Back-Splash in Rowing-Shell Propulsion

Macrossan, Michael N. and Macrossan, Neal W. (2006) Back-Splash in Rowing-Shell Propulsion. Report No. 2006/07, Division of Mechanical Engineering, School of Engineering, The University of Queensland.

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Author Macrossan, Michael N.
Macrossan, Neal W.
Title Back-Splash in Rowing-Shell Propulsion
School, Department or Centre Division of Mechanical Engineering, School of Engineering
Institution The University of Queensland
Report Number Report No. 2006/07
Publication date 2006-06-01
Subject 321402 Biomechanics
291899 Interdisciplinary Engineering not elsewhere classified
321499 Human Movement and Sports Science not elsewhere classified
Abstract/Summary The term 'back-splash' is used in rowing to denote the splashing of water towards the bow of the boat which may occur when the oar is first placed in the water. If the oar is not rotating about the gate-pin in the horizontal plane when it is placed in the water, it will push water in the direction of boat motion, and the reaction of the water will be a braking force on the boat. If the oar is rotating, with the blade moving laterally away from the boat as it enters the water, the relative velocity of the water impinging on the back of the oar-blade i.e. on the side of the blade facing the bow of the boat) is reduced with a consequent reduction of the braking effect of back-splash. It is generally considered desirable, other things being equal, to reduce the time taken and distance moved by the oar before it 'locks in' to the water. The amount of oar motion required to eliminate back-splash entirely is considerably reduced when the oar blade is extended as far as possible to the bow of the boat (and the angle between the oar shaft and the side of the boat is as small as possible) before the oar enters the water. The benefits of this may be enough to outweigh any potential loss of propulsion efficiency of the oar in this extreme position; this may be one of the reasons that the long stroke is generally thought to be more effective than the shorter stroke. Data taken at the Australia Institute of Sport measuring the rowing characteristics of an elite athlete rowing a single scull has been analyzed. The rotational inertia of the oar is significant so the simple lever arm rule is not accurate enough for our purposes to relate the blade force to the measured oar bending. The equations of motion required to deduce the handle force and the blade force are given. We estimate (for the boat speed of about 4.5m/s at the catch) that, if the only 1/5 part of the oar blades were immersed in the water while the oars were not rotating in the horizontal plane (not moving outwards and sternwards relative to the hull), a back-splash force of more than 9 kgs would act on each blade. If this force acted for as little as 0.03s it would reduce the average hull speed by more than 2%, which corresponds to distance of more than 40m over a 2000m course. The oar-bending record shows no evidence of a back-splash force. All the data indicates that the oars are being rowed through the air for about 0.05s before entering the water, and through three or four degrees, which is a little more than the minimum required to avoid back-splash. Most rowing coaches are not engineers or scientists, and most scientists and engineers are not familiar with rowing jargon. With that in mind, we have tried to explain those terms and ideas which may not be familiar to one or the other type of reader.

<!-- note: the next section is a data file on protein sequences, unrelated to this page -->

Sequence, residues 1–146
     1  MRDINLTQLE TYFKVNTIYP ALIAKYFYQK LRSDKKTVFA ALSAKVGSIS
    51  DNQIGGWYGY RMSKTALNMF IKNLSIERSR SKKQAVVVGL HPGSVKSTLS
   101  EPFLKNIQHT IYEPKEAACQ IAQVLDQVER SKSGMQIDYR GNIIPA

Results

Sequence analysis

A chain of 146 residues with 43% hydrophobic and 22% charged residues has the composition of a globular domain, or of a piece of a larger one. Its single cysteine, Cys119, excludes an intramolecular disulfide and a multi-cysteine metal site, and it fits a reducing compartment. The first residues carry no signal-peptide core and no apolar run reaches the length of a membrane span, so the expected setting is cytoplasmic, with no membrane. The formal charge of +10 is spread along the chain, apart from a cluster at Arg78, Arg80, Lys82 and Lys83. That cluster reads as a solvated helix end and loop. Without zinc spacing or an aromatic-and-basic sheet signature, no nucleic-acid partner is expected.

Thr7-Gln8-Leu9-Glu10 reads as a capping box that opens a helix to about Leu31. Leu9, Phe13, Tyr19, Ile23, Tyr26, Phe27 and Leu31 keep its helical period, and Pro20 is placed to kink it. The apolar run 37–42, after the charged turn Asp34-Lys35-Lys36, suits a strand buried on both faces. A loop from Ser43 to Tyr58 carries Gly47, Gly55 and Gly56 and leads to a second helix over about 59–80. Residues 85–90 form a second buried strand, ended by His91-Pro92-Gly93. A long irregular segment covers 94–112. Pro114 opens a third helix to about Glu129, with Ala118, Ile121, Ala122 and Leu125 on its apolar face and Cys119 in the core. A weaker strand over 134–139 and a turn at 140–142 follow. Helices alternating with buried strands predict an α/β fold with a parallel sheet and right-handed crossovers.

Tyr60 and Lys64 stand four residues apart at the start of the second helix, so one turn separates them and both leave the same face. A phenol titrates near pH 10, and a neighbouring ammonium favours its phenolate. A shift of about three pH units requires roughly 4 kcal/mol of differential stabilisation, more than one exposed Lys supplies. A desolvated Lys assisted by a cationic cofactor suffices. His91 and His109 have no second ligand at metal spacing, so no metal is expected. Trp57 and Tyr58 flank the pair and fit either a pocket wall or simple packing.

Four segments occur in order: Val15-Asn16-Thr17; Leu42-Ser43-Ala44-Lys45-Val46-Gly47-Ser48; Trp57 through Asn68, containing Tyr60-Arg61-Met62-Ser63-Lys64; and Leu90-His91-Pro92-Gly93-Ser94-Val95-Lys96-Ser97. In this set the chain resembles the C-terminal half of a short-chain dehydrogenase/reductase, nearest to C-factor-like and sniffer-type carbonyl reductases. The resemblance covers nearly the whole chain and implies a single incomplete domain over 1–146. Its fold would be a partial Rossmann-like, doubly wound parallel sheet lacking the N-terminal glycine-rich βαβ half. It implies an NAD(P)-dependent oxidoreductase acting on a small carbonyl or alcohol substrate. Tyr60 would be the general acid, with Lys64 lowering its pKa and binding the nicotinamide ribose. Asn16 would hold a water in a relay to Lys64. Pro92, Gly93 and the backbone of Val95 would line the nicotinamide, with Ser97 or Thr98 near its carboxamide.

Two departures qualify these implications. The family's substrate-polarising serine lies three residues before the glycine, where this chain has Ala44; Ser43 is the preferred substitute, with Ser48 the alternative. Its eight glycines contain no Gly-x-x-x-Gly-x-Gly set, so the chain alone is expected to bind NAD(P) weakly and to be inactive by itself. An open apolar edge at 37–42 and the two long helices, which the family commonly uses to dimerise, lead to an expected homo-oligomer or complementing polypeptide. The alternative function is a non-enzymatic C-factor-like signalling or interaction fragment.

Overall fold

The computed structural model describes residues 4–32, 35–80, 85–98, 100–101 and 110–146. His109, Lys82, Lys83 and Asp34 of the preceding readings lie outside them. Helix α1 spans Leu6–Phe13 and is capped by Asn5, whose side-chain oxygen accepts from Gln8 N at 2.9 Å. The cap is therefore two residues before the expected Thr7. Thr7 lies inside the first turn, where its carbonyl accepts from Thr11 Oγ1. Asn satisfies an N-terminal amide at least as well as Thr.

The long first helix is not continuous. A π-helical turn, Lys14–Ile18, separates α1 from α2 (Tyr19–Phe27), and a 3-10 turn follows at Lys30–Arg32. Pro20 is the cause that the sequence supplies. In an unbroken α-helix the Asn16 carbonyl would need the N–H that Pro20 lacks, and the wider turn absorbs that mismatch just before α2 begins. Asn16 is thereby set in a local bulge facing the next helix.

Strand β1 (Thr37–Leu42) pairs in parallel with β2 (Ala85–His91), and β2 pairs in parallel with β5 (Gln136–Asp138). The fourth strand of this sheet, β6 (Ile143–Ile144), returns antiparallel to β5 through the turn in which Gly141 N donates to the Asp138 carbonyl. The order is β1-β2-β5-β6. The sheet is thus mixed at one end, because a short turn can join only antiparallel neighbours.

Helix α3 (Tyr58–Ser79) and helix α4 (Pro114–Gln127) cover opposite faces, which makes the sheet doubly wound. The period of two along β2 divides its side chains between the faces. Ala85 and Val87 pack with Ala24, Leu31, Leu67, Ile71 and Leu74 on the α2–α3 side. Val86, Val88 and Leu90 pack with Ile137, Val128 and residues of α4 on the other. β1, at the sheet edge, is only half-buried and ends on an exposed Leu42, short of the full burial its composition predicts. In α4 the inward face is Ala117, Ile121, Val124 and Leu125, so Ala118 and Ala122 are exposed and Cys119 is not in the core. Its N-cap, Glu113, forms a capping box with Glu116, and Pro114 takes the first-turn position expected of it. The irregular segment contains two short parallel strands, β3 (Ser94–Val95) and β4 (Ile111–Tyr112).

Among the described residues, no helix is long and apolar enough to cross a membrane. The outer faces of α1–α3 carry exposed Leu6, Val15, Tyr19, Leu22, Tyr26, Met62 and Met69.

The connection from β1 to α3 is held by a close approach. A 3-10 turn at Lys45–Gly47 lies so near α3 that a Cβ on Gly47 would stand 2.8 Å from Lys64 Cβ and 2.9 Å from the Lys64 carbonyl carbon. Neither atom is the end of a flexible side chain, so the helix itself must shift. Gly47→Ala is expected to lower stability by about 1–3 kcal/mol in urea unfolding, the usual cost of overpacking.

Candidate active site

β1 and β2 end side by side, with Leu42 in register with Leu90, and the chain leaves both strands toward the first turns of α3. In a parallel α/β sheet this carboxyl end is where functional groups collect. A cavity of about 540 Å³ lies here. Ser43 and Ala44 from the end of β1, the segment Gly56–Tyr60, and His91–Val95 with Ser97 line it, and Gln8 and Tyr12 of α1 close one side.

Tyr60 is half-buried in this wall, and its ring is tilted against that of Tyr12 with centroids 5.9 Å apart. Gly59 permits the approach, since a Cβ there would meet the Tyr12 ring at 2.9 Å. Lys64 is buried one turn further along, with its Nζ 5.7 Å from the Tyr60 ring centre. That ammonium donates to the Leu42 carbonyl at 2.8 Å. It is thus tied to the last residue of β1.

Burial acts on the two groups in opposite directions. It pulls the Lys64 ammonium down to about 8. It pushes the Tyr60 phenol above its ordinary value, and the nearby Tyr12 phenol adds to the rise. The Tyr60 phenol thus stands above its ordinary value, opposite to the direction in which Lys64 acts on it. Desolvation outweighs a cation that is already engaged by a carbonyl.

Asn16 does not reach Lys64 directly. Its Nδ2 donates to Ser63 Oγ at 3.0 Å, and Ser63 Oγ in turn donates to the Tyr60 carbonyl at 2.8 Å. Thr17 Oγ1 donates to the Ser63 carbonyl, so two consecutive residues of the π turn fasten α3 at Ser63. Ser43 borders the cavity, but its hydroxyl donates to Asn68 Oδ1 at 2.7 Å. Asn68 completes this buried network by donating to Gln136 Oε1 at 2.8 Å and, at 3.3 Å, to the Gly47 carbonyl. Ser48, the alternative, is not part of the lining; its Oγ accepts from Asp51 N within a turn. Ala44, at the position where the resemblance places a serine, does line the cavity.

Keyword rowing catch
catch angle
long stroke
rowing-in
hull-checking
rowing propulsion
hull speed
oar bending
oar inertia
oar equations of motion
blade force
handle force
foot force
References G. C. Bourne (1925). A Textbook of Oarsmanship. First published 1925. Republished: Sports Books, Toronto, 1987 H. R. A. Edwards (1963). The Way of a Man With a Blade, Routledge & Kegan Paul, London, 1963 N. Caplan and T. N. Gardner (2005). A New Measurement System for the Determination of Oar Blade Forces. In Rowing. Proc. Second IASTED International Conference BIOMECHANICS, Sept 7-9, Benidorm, Spain. 485-051, pp 32-37. V. I. Kleshnev (2005). Technology for Technique Improvement, Chapter 18, Nolte (2005) M. E. McBride (1998). The role of individual and crew technique in the enhancement of boat velocity in rowing. Ph. D. Thesis, University of Western Australia, 1998 (UQ Library Call No. GV791.M37 1998) V. Nolte (2005). Rowing Faster, (ed. Nolte), Human Kinetics, 2005 S. Redgrave (1995). Steven Redgrave's Complete Book of Rowing, (revised edition) Transworld, 1995 B. Richardson (2005). The Catch, Chapter 13, Nolte (2005)

Document type: Department Technical Report
Collection: School of Mechanical & Mining Engineering Publications
 
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Created: Wed, 07 Jun 2006, 10:00:00 EST by Michael N Macrossan